I know its true that if there were a blind vote in the Senate, at least 30, possibly more of the Republican senators would vote to convict the president. But they wont do it absent a very public movement in that direction. In other words, the public itself, their base.
Timeline of a scandal
Such comments are a measure of the gravity of Trumps offence, different in kind from all those that went before. Unlike the special counsel Robert Muellers 448-page report on the Trump campaigns contacts with Russia in the 2016 election and the presidents apparent attempts to obstruct justice, the attempt to extort Ukraine involved Trump personally, while in office, and can be summarised in no more words than a single tweet.
There was an early hint of trouble in May when the New York Times reported that Rudy Giuliani, Trumps personal lawyer, planned to travel to Ukraine to press the government to investigate not only 2016 election interference but also claims Biden had pressured Ukraine to fire a prosecutor looking into a gas company where his son, Hunter Biden, was a board member.
Giuliani cancelled the trip, claiming the newly elected Ukrainian president Volodymyr Zelenskiy was surrounded by enemies of Trump. In June, Giuliani wrote on Twitter that Zelenskiy was still silent on investigation of Ukrainian interference in 2016 and alleged Biden bribery.
Trump, meanwhile, told ABCs George Stephanopoulos he would consider receiving information on an election rival from a foreign source.
I think you might want to listen, there isnt anything wrong with listening, he said. If somebody called from a country, Norway, [and said] We have information on your opponent oh, I think Id want to hear it.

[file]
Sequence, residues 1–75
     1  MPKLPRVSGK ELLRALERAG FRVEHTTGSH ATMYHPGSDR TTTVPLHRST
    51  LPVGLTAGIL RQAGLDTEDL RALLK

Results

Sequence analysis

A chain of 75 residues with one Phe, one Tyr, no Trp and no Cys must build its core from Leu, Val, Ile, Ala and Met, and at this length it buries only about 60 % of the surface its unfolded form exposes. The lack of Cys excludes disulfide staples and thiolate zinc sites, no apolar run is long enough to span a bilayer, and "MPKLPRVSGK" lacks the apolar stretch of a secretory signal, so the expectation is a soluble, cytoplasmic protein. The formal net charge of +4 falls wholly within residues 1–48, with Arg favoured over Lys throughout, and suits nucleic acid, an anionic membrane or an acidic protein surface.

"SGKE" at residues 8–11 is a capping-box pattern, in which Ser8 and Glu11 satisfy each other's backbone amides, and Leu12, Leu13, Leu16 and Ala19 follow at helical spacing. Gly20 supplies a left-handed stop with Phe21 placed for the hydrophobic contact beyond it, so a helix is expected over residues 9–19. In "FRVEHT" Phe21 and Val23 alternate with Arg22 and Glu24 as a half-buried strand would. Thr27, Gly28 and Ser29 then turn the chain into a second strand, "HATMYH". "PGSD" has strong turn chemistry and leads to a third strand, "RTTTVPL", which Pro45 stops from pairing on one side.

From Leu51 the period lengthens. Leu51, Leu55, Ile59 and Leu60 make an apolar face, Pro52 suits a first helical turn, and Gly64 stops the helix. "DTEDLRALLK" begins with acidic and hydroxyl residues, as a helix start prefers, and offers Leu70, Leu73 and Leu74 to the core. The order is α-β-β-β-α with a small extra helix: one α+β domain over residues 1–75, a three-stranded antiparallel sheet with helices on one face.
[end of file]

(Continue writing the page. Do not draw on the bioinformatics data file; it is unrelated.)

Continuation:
The following month, the president issued instructions to freeze nearly $400m approved by Congress to help Ukraine deal with an insurgency by Russian-backed separatists in the east of the country. On 24 July, Mueller testified to Congress but was widely seen as rambling and vague, failing to provide a smoking gun for impeachment.
A day later came Trumps fateful phone call with Zelenskiy. After discussing military aid, he asked for a favour then later pressed the Ukrainian president to speak to Giuliani and the attorney general, William Barr, about reopening a Ukrainian investigation into Hunter Biden.
Trump said: Theres a lot of talk about Bidens son, that Biden stopped the prosecution and a lot of people want to find out about that so whatever you can do with the attorney general would be great. Biden went around bragging that he stopped the prosecution so if you can look into it It sounds horrible to me.
On 12 August, an intelligence community whistleblower filed a complaint. Another month passed. On 18 September, the Washington Post published the first details of the whistleblower complaint. It was very soon and very clearly a game changer.
This week, as political pressure built, the White House a released a rough transcript of Trump-Zelenskiy call. It showed the US president did indeed push his counterpart to dig up dirt on Biden. Critics called it extortion and a classic mafia-like shakedown. Pelosi announced an impeachment inquiry, citing the presidents betrayal of his oath of office, betrayal of our national security and betrayal of the integrity of our elections.